- Stocks jumped Monday following a combination of bullish headlines.
- Basel III bank regulations were more benign than many feared.
- Chinese data released showed broad economic reacceleration in August.
- Weighing positives and negatives, today's economies and markets are tilted towards continued growth.
Investors were encouraged by a bevy of bullish news Monday morning, and stocks responded with a robust day—the S&P 500 gained 1.1% and overseas markets mostly did quite well.
The first bit of good news came Sunday, as central bankers from around the world met in Switzerland to formally settle details of the Basel III accord on banking regulation. The announcement, over a year in the making, came after weeks of whispers on Wall Street. Debate flew from all corners about how strict the new rules would be. Would many banks have to raise capital? If so, how quickly? Last week's announcement of a common share issuance by Deutsche Bank fueled fears Basel III would require much higher capital ratios, forcing banks to curtail lending.
But in the end, the announcement was more benign than some expected. In short, regulatory capital ratios will increase, but not as much as feared and with a long phase-in period. In 2013, the minimum Tier 1 capital ratio increases to 4.5% with a 2.5% capital conservation buffer (up from 4% currently with no capital conservation buffer), then rises to 6% over time. The 7%-8.5% total reserve requirements were a watered-down result from the earliest proposals and in line with recent expectations. More surprising was the implementation timeframe. Banks were granted a gradual phase-in over eight years to fully meet the criteria. And considering most banks already meet or exceed these capital requirements, this shouldn't be problematic for most institutions. In fact, the announcement could embolden firms with excess capital to increase lending.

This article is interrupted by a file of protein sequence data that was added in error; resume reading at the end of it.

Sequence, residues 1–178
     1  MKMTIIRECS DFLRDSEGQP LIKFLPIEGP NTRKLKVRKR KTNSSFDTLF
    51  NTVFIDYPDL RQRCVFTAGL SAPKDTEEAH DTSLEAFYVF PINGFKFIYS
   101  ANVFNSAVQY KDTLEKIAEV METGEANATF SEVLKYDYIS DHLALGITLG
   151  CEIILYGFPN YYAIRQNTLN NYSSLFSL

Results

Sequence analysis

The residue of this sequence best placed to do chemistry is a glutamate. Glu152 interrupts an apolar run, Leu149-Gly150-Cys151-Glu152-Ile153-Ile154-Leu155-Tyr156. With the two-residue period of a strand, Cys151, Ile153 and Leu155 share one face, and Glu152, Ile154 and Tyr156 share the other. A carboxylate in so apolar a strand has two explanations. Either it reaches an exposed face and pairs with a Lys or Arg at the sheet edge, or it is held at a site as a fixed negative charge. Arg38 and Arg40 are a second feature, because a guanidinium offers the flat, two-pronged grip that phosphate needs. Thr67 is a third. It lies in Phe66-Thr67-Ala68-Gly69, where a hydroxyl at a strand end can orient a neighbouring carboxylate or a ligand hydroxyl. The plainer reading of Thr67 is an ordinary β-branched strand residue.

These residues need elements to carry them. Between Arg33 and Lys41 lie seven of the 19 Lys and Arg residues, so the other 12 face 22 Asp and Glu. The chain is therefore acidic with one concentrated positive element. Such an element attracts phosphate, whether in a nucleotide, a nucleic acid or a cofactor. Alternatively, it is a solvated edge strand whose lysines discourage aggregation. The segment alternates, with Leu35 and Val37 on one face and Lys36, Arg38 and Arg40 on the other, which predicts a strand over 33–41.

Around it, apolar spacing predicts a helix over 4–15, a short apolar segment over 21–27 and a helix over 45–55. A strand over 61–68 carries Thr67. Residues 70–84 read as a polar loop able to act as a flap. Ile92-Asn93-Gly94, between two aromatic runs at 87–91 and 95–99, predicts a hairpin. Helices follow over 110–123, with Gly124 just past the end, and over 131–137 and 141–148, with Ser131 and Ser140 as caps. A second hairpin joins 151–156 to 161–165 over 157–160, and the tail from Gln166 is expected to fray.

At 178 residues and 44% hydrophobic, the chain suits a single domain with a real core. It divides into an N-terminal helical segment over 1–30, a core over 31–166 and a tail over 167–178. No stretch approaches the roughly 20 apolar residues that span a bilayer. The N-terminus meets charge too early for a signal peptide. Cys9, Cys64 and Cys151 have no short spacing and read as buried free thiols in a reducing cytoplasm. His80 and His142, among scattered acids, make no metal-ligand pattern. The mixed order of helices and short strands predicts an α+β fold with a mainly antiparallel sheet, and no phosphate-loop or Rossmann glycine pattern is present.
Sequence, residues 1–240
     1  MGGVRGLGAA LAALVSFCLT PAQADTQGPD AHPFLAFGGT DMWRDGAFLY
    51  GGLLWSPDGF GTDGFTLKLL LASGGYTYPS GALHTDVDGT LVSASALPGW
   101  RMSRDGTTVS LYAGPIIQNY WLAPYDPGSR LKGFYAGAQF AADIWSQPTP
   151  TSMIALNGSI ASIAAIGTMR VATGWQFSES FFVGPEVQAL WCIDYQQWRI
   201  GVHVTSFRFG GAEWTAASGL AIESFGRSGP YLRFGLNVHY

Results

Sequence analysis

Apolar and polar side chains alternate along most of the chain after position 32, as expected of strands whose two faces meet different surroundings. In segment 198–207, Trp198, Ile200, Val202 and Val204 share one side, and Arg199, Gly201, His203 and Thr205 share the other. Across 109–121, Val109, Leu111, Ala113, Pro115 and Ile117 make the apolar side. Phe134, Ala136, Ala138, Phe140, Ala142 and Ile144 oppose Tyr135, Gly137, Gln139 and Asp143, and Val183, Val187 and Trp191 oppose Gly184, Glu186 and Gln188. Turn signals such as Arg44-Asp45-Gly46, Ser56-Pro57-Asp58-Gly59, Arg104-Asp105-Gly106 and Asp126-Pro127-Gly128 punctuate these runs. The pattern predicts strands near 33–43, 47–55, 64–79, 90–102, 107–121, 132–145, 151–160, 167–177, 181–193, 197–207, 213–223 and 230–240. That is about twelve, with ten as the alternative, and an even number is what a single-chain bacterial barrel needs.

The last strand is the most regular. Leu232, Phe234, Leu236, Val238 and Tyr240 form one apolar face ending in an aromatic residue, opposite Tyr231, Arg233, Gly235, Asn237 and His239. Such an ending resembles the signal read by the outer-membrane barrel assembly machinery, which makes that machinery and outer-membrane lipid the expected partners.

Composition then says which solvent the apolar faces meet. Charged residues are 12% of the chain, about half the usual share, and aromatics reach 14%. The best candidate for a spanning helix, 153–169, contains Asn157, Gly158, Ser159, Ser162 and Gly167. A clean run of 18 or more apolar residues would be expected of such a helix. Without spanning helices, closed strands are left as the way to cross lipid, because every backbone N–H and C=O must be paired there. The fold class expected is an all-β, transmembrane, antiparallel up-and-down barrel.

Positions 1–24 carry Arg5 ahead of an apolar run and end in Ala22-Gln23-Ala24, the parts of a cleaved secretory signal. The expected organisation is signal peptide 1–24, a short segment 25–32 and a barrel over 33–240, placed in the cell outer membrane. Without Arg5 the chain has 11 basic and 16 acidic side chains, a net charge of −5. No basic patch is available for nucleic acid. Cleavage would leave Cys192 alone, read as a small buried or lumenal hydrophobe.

The stock market had already largely discounted this widely-known issue, and the rules' release pulled away another layer of uncertainty—a relief to Financials stocks. Finally, Deutsche Bank announced they will acquire Deutsche Postbank, with the majority of the funds raised through last week's share issuance. Deutsche Bank chairman Joseph Ackermann said, "They [Basel capital requirements] are more or less the numbers we expected all along. We do not need the capital [to comply with] the regulatory changes. We're going to raise capital for acquisitions."
While the banking regulation fog was clearing, more bullish news was emanating from the world's second largest economy. China reported 13.9% year-over-year industrial production growth in August—scorching estimates and accelerating from July. Chinese retail sales also accelerated, beating estimates with 18.4% year-over-year growth. Money supply, loan issuance, and fixed asset investment all exceeded estimates as well. In fact, all major Chinese indicators released Monday beat estimates except inflation—the Consumer Price Index increased 3.5% from the prior year as expected. At present, recent fears over China potentially cooling too much seem misplaced. The same could be said of US double-dip fears, PIIGS debt contagion concerns, and many others. Lately, data and announcements have been doing an excellent job of dispelling common fears.
Problems do exist, but with sentiment as dour as it is today, the fear accompanying a perceived problem is often far worse than the problem itself. There will be negatives—some real, some not—but waiting for all negatives to dissipate is waiting for Utopia. Investors should weigh negatives against positives to obtain a truer sense of the global economy. And in comparing the two today, positive factors (like ongoing rapid Emerging Markets growth) seem to carry real weight, while many of the much-discussed negatives (like fears of an overly onerous Basel III) prove fleeting.